How to Remove Ticks from a Dog

It is important to remove a tick in its entirety. If a tick is not removed properly, the head of the tick can remain attached to the dog, which can lead to irritation in the area or possible disease transmission. Tick removal tools can be purchased and they work well. However, a special tool is not necessary; a fine-tipped pair of tweezers that you may already have at home can also do the job.

One caution: Do not apply any chemicals such as nail polish, turpentine, or similar substances to your dog’s skin in an attempt to kill fleas.

How to safely remove a tick:

  1. Grasp the head of the tick with a fine-tipped pair of tweezers, as close to your dog’s skin as possible.

  2. Pull upward with steady pressure until the tick comes off. Make sure not to twist the tweezers, as this may cause the tick to break apart and leave the head or mouth parts still embedded in your dog’s skin.

  3. Check the tick bite to make sure you removed all parts of the tick. If you see that the mouth parts or head of the tick are still attached to your dog’s skin, use your tweezers to remove them.

  4. If you do not feel comfortable removing the tick or are unable to remove the entire tick, schedule an appointment with your local veterinary hospital so that a veterinarian or veterinary technician can help you.

  5. If the tick bite is in an area that can be easily cleaned, after the tick is removed, use a rubbing alcohol wipe (or soapy water) to disinfect the area. However, do not clean a tick bite if it is near your dog’s eyes or mouth.

  6. Dispose of the tick properly.

Maintain a Schedule for Tick Removal

The US Centers for Disease Control and Prevention (CDC) recommends checking your dog for ticks daily year-round. Ticks can be resistant to seasonal temperatures, and new species are still being found. There is a lot we have yet to learn about these parasites, and it is important to do everything you can at home to minimize your dog’s risk of having tick bites and the diseases that they can transmit.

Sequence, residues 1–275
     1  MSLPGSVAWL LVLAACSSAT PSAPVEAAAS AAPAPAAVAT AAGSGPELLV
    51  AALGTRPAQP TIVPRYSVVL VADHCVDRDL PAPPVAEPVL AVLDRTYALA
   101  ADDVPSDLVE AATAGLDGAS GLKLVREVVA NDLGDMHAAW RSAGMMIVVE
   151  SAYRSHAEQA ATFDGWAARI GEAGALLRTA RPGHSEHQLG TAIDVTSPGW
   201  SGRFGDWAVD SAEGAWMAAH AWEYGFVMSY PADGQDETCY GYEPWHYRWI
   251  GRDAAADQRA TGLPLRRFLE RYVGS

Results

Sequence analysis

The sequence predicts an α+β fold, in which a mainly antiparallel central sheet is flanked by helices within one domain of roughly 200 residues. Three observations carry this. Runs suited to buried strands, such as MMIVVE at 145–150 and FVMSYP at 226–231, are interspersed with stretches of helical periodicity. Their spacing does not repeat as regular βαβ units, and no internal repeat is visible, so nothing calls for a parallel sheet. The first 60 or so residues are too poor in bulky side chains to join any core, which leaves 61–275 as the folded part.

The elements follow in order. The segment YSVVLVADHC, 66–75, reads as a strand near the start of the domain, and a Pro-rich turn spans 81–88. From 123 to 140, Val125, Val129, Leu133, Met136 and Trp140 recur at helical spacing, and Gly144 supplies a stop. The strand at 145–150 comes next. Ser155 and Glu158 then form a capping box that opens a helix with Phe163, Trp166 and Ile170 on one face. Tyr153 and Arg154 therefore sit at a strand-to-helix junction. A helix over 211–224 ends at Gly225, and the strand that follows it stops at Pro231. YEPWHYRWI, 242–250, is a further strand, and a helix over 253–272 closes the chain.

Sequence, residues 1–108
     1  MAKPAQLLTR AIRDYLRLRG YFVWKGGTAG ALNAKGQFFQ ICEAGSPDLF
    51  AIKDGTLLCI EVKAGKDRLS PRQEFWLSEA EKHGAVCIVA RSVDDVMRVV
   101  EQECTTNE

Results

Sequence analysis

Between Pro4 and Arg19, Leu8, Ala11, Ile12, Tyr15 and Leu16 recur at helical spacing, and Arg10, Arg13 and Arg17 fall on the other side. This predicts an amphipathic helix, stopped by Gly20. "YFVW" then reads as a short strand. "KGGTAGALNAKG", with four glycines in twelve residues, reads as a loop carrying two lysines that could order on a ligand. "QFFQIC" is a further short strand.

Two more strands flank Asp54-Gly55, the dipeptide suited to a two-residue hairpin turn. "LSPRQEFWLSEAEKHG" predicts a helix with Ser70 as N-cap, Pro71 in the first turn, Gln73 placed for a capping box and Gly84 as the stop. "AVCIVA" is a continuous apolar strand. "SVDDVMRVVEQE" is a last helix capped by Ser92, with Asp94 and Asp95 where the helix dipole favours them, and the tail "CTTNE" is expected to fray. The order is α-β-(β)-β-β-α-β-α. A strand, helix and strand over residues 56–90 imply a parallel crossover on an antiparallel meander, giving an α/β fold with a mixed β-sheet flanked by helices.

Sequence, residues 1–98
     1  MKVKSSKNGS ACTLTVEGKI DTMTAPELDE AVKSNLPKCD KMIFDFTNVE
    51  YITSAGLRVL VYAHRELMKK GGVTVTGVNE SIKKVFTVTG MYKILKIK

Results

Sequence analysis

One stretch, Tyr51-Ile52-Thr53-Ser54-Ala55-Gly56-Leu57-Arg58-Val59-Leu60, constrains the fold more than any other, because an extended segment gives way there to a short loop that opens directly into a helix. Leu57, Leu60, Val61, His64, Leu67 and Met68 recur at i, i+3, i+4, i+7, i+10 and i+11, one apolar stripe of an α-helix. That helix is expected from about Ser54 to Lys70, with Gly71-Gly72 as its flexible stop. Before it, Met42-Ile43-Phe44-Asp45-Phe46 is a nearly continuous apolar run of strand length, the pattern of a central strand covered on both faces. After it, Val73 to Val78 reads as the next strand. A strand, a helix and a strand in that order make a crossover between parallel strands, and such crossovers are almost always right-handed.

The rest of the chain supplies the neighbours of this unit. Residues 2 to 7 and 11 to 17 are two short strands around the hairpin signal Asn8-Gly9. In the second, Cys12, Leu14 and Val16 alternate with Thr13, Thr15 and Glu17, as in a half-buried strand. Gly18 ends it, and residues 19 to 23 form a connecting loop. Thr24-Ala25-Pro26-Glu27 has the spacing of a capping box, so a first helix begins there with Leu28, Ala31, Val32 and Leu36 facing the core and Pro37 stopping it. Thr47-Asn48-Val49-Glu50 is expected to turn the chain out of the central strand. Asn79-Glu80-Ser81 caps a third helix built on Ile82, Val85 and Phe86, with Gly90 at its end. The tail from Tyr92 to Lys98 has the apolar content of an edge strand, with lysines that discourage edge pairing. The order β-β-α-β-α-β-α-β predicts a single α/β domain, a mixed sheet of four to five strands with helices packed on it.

Flea and tick prevention should also be administered to your dog year-round. 

How to Check a Dog for Ticks FAQs

How long do ticks live on dogs?

The length of time a tick feeds on a dog depends on the life stage, gender, and species of tick. However, ticks have been found to feed on dogs for up to 12 days before detaching themselves.

What are the symptoms of a tick infestation in dogs?

Even dogs that have numerous ticks on them may show no symptoms, as tick bites are usually painless. However, ticks should be easier to see on your dog if there are many. Dogs that are infested with ticks must be taken to a local veterinary hospital as soon as possible so that a veterinarian can remove the ticks quickly.

When numerous ticks are found, there is an increased likelihood that the dog will develop one or more tick diseases. Removing the ticks quickly is crucial, and monitoring the dog for signs of tick diseases for several weeks thereafter is also important. A tick titer can also be performed to check for various tick diseases.  

How often should I check my dog for ticks?

The CDC recommends checking your dog daily for ticks. They can transmit certain diseases within hours of biting, so finding and removing a tick quickly is important.


  1. Shell, L. Veterinary Information Network. Tick Paralysis (Canine). December 2006.

  2. The University of Rhode Island. Tick Encounter.

  3. Alaska Division of Environmental Health. Tick Identification.

  4. Illinois Department of Public Health. Common Ticks.

  5. Centers for Disease Control and Prevention. How to Check Your Pet for Ticks. June 2018.

  1. Harvard University. Dog Ticks Change Their Appetite with Rising Global Temperatures.

Featured Image: Volkava


Michelle Diener, DVM


Michelle Diener, DVM


I live in Raleigh, North Carolina. I obtained by BS degree in Biology at UNC-Chapel Hill in 2000 and my DVM degree at NCSU in 2006. I have...